Cosmic dust from Venus is inspiring new air pollution-busting technology

Poor air quality from vehicle exhausts costs tens of thousands of lives annually.

Reducing carbon emissions from roads, railways and shipping requires implementing a range of solutions simultaneously. As far as cars are concerned, cutting the number of journeys altogether (by making it easier for people to walk and cycle and improving public transport), changing the fuel in vehicles and making the most of those vehicles already on the road must all play a part. None of these solutions are sufficient on their own.

In 2030, the sale of new diesel and petrol passenger cars will be outlawed in the UK. The future of passenger motoring will be electric. But recent problems supplying parts and the high carbon cost of manufacturing electric vehicles could delay the climate benefits of this transition.

To make best use of existing petrol and diesel burning vehicles – and the carbon that was invested in creating them – drivers and manufacturers can reduce the emissions of a family of compounds called nitrogen oxides, which are linked to respiratory diseases, through better treatment of exhaust fumes. This way, the communities most blighted by air pollution can at least be protected before harmful vehicle emissions are finally eradicated.

My research team is developing a new generation of catalytic converters – the devices fitted to exhaust pipes to reduce the release of toxic gases. Inspired by chemistry observed on the surface of extremely hot planets such as Venus, we have produced a synthetic material that could improve air quality.

From Venus to vehicle exhausts

The Sun’s light destroys carbon dioxide (CO₂) in the atmospheres of planets, producing carbon monoxide (CO). Not fast enough to avert climate change, but enough that atmospheres like Venus should contain far more CO than we observe there.

Our group studies the effects of meteoric material (dust arriving from space) in atmospheres. An iron silicate powder we made which replicates this dust can speed up the conversion of CO to CO₂. This is what the first catalytic converters in cars were designed to do, since CO is a toxic gas.

Catalytic converters turn toxic gases generated in petrol and diesel engines into safer alternatives. (Image: Atif Masood (FetchCFD) – Own work, CC BY-SA 4.0)

That got us thinking about whether this material could help with other problems, such as nitrogen oxide pollution, which exceeds legal limits in the air of many UK cities. Poor air quality from vehicle exhausts costs tens of thousands of lives annually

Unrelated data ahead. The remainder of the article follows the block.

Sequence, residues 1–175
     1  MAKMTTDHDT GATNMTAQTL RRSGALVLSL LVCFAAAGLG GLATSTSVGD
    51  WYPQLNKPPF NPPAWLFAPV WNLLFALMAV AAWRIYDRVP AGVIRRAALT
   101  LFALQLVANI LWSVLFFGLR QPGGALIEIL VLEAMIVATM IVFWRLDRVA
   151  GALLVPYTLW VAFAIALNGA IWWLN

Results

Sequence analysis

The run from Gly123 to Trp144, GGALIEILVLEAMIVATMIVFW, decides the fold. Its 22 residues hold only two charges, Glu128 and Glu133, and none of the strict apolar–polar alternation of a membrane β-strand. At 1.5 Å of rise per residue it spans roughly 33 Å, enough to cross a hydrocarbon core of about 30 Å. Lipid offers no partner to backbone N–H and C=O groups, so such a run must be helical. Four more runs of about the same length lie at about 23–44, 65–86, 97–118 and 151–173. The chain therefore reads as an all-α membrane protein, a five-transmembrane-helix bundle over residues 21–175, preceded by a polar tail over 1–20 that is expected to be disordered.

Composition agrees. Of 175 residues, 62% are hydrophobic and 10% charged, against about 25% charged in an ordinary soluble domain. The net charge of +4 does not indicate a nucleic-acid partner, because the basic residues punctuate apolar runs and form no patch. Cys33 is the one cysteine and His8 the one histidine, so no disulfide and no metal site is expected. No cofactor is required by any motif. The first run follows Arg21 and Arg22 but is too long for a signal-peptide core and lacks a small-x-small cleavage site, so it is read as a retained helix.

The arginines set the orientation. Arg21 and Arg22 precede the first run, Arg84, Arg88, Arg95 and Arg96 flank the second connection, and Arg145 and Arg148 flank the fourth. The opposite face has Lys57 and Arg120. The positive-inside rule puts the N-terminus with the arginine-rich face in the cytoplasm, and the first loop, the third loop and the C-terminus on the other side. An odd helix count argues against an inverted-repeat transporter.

We’ve found that not only can the powder simultaneously clean up CO and nitrogen oxide emissions, but it can convert nitrogen dioxide (NO₂, a harmful gas which is specifically regulated) to harmless molecular nitrogen (N₂) and water at room temperature.

Catalysts for processing nitrogen oxide (NOx) emissions installed in modern diesel vehicles only work at exhaust temperatures above 150°C. Even if your car uses an additive fluid to reduce nitrogen oxide emissions, it’s unlikely to work while driving slowly when the exhaust is cooler. This is when vehicles emit the most NO₂ – often in traffic jams where the most polluted air can accumulate.

When the electricity grid is decarbonised and sufficiently robust to charge millions of electric vehicles, catalytic converters capable of removing nitrogen oxides may still be important. For example, the natural gas fuel in industrial furnaces is likely to be replaced with hydrogen. 

Unlike buses and cars running on hydrogen, which produce energy via a reaction in a fuel cell, larger applications such as furnaces in steelworks will burn hydrogen fuel directly. This high-temperature combustion will convert molecular nitrogen in the air to nitrogen oxide pollution, which will need to be removed.

That’s why we’re excited to be developing a prototype emissions converter that can work in most situations, with the potential to radically reduce toxic emissions from combustion engines and other sources in the future.

This article is republished from The Conversation under a Creative Commons license. Read the original article.

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